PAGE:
Playing 5-card Stayman West simply bids 3 and when East bids 3 raises to 4. Despite the awful trump break this contract always makes , losing only three trump tricks, the K being used to discard the small club.
NOTE ON 5-CARD STAYMAN : 3 is used over a 20-22 HCP 2NT to ask about the majors. Responses :-- 3NT = do not hold either a 4 or 5 card major; 3/3 hold five cards in this suit ; 3 = hold 1 or 2 four card majors over which responder/opener bid major suits upwards until either a 4-4 fit or 3NT is reached.
If in conjunction with this responder uses transfer bids of 3/3 to show a five card / suit and 3 to show 5 spades and 4 hearts , then pairs can always discover either their 4-4 or 5-3 major suit fit.
John C Williams 12th December 2008
Acol players usually have the technique to find a 4-4 major fit but do not always appreciate the need to normally play in a 5-3 major fit.
With North the dealer this hand was played at a Tuesday evening duplicate and the results varied from 4H-1, 2H+2, 3NT-1(twice), 3NT made, 2NT made etc. Only one pair played in 4S making 4S +1 for a top.
And yet the hand should be an easy hand to bid. North opens 1H, South responds 1S and North should rebid 2NT to show 17-18 HCP's. Holding another suit and a singleton , South should now investigate a 5-3 fit in either major by bidding a game forcing 3D. If North has five hearts he should now bid 3H or if holding 3 spades, as here, bid 3S or if neither bid 3NT. With a 5-3 spade fit South bids 4S. The fortunate position of the QS and QD leads to eleven tricks , only losing the two red aces. 4H and 3NT always make fewer tricks and may need good guesses to make at all.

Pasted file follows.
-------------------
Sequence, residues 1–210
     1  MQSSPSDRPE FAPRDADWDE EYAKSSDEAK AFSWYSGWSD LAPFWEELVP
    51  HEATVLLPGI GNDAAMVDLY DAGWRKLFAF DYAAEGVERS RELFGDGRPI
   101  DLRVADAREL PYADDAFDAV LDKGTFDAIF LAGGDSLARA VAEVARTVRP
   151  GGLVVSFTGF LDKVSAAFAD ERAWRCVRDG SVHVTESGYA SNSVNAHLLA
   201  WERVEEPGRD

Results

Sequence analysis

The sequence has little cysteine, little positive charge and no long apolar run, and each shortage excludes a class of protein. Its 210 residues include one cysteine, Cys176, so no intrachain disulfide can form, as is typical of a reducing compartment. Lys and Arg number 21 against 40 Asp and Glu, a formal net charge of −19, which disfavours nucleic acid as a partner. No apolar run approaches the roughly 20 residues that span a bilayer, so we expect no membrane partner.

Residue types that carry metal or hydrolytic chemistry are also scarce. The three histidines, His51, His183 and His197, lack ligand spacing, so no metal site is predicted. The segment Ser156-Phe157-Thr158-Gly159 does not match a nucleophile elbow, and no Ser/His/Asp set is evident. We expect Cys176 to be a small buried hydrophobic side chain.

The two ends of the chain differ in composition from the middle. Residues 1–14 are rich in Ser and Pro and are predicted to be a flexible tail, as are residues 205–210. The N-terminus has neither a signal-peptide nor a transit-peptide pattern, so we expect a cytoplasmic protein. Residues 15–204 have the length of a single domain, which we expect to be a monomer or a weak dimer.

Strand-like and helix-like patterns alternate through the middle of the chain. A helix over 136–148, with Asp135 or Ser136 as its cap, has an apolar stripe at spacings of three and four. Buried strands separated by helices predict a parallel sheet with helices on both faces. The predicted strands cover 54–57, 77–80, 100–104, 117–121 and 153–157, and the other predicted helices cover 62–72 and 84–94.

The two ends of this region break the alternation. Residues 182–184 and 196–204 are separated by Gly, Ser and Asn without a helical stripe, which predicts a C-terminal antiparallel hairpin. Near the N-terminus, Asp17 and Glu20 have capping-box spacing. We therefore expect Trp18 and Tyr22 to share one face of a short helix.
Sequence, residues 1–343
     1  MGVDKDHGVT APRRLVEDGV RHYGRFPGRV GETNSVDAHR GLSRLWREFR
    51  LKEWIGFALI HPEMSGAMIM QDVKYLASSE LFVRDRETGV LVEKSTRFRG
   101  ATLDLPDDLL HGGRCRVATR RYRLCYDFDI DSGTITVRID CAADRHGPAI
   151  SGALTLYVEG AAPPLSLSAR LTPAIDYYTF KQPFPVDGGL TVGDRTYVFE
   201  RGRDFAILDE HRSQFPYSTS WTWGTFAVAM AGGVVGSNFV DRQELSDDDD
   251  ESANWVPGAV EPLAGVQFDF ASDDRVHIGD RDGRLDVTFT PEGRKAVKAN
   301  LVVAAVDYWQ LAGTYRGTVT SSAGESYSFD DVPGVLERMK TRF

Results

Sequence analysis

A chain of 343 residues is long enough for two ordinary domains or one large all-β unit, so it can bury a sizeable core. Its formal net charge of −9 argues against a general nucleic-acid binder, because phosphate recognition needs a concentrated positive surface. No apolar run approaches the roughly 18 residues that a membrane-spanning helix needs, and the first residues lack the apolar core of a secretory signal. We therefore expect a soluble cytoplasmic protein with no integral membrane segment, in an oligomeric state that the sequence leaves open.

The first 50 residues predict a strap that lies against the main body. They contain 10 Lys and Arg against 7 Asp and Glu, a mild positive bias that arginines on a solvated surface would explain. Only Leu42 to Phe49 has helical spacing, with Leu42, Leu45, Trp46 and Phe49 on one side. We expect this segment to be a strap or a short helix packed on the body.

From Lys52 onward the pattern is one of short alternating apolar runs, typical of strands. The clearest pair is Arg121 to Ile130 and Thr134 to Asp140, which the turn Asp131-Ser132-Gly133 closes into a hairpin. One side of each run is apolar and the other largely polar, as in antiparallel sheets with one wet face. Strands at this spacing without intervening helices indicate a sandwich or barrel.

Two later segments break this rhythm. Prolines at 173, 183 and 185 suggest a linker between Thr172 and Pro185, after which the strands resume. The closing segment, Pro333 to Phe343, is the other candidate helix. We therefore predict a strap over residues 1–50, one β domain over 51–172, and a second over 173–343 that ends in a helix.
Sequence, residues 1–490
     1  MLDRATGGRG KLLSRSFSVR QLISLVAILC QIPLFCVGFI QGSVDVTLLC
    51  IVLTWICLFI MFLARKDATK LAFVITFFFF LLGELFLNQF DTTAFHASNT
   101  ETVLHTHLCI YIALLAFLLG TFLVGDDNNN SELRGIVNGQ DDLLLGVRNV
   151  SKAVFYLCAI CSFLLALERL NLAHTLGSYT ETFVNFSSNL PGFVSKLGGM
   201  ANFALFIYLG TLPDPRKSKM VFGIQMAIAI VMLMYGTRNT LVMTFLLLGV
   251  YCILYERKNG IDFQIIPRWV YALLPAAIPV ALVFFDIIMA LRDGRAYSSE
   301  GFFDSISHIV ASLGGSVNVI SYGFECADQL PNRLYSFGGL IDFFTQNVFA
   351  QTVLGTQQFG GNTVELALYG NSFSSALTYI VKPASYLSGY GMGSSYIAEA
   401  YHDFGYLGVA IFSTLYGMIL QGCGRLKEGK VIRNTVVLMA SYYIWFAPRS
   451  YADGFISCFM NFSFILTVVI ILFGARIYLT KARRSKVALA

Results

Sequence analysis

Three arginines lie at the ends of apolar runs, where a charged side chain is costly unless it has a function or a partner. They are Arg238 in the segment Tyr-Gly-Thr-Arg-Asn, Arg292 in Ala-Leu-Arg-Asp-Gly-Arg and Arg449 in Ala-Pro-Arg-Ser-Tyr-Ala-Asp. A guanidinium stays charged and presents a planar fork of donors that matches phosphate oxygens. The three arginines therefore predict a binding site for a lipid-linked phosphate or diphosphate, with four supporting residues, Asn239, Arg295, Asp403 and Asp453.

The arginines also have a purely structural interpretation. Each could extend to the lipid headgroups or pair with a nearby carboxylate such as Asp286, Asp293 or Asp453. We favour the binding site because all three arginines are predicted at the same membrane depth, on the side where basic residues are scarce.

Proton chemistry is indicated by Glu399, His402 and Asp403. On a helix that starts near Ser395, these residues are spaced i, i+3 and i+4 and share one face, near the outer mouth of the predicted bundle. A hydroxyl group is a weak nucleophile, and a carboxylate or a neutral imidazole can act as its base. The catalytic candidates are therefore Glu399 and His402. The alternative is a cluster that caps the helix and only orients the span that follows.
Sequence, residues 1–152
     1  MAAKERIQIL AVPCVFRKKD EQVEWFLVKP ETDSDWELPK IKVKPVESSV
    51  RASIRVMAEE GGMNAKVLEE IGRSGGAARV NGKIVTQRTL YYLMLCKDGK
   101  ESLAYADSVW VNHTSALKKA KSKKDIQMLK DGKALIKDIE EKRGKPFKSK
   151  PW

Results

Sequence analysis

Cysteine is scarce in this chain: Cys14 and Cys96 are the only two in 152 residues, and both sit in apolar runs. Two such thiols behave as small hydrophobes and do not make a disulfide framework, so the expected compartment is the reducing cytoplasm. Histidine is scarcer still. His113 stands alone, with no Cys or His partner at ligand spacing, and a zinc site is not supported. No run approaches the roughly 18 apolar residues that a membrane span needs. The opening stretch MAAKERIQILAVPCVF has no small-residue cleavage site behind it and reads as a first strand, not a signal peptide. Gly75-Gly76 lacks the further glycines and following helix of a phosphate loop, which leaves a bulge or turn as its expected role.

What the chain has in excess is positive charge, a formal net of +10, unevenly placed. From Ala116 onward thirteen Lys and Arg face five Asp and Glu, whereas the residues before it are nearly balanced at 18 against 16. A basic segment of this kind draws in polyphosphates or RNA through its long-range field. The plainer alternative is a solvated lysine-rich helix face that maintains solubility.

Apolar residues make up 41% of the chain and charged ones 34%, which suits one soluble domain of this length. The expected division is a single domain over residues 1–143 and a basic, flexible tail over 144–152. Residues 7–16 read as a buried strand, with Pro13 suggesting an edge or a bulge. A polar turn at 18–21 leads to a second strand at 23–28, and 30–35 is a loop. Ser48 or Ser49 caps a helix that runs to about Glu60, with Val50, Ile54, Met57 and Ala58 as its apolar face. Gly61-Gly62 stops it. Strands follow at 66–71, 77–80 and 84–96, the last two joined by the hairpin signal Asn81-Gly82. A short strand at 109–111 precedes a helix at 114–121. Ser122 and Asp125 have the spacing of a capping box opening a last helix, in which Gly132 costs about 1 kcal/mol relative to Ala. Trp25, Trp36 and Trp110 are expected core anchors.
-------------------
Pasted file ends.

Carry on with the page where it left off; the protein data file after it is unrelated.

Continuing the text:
(This commentary relates to Board 23 played 20th May 2008)
I am always excited when I am dealt a hand with 2 five card suits and tend to bid aggressively. Playing five card majors and despite only 9 HCP's I opened the South hand with a bid of 1H as it satisfies the rule of nineteen and the suit is robust.
My partner also bid aggressively and bid 4H, which kept the opposition out of the bidding despite their 21 HCP's. With little to guide the opening lead West chose the 4C and although this looked like fourth highest I could see a way to make ten tricks without risking it and played the AC. I followed with a diamond to my A , a diamond ruff, a spade pitch on the KC, a club ruff low and a second diamond ruff. I now led the fourth club and East was caught. If East ruffs with the AH I would pitch another spade otherwise I would ruff and then ruff my fourth diamond with the QH. Whatever East does I have ten tricks. Obviously if E/W open their defence with 2 spade tricks and the AH followed by a small H then I will be defeated as even with the club finesse right I will still have a diamond loser.
Was I brave or just lucky? I leave it for the reader to decide.
John C Williams 21st May 2008